Construction accidents a common risk in New York

On Behalf of | Jun 23, 2013 | Construction Accidents

As the American population continues to expand, we face a need to constantly improve and extend our living areas. As a result, the construction industry thrives, in New York and across the nation. Whether constructing housing, roads or commercial structures, the sight of an ongoing construction project is familiar to all Americans. Unfortunately, construction accidents are also common, and can result in serious injury or even death to those who work within this vital industry.

A recent accident in Queens underscores the risks that construction workers face on a daily basis. A man was working in or near a 25-foot trench in Queens, New York when he became stuck in the mud at the bottom of the hole. It is unclear what type of accident led to the eventual need for emergency assistance.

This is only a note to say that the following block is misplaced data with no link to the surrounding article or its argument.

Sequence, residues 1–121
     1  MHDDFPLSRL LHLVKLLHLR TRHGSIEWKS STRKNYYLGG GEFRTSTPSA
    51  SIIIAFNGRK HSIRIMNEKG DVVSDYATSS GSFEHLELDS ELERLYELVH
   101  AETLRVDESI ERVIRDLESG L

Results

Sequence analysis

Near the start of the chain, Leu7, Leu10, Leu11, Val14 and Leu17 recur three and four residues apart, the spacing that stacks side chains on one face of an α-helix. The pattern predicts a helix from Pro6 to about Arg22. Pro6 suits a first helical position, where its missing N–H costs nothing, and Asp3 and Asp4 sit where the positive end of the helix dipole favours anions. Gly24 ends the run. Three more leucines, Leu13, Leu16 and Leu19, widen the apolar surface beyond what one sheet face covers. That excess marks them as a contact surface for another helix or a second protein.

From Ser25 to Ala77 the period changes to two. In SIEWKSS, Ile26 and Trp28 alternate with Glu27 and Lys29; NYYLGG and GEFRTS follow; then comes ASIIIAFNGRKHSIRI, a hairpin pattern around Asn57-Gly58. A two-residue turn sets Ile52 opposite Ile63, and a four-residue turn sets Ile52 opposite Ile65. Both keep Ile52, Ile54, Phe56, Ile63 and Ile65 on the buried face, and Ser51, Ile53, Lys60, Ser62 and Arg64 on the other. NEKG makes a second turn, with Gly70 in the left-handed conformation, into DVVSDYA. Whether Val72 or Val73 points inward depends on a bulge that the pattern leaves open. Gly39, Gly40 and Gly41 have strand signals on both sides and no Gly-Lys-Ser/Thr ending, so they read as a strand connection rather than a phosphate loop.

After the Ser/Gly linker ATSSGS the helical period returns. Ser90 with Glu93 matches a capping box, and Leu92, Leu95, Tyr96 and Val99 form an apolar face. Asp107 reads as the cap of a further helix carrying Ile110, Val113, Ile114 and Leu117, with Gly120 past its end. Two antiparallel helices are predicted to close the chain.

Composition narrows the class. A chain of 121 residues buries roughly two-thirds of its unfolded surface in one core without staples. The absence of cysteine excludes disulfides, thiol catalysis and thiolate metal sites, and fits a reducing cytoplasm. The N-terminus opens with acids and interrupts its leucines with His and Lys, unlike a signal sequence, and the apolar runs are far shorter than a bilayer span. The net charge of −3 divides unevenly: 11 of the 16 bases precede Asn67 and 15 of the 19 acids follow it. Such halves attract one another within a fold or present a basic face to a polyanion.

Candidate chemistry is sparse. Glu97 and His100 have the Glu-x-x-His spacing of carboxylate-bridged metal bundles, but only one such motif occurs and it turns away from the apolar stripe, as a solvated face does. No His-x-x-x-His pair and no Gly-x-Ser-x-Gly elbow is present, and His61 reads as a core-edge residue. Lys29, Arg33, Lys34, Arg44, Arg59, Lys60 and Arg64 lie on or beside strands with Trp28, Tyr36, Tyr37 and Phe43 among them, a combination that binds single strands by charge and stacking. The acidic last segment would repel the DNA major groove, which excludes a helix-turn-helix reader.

Firefighters and other responders flooded the scene, and worked rapidly for over two hours to rescue a worker who was trapped in mud up to his waist. In addition to human labor, the rescue effort included access to backhoes, ropes and cranes. In the end, the construction worker was extricated from the trench and rushed to a local hospital, where he is listed in stable condition as of the time of this report.

Construction accidents are a reality within the industry, and workers are aware of the dangers implied in their chosen field of employment. In the majority of cases, employers make every effort to ensure the safety of their workers. However, there are instances in which these obligations are not adequately addressed. The cause of this particular accident has not yet been determined, although is reported that the site in question has at least four open violations. When a worker is injured due to negligence on the part of management, there are avenues of legal recourse available.

Source: New York Daily News, “Dramatic rescue in Queens as firefighters pull fallen construction worker from 25-foot trench,” Matthew Perlman, June 19, 2013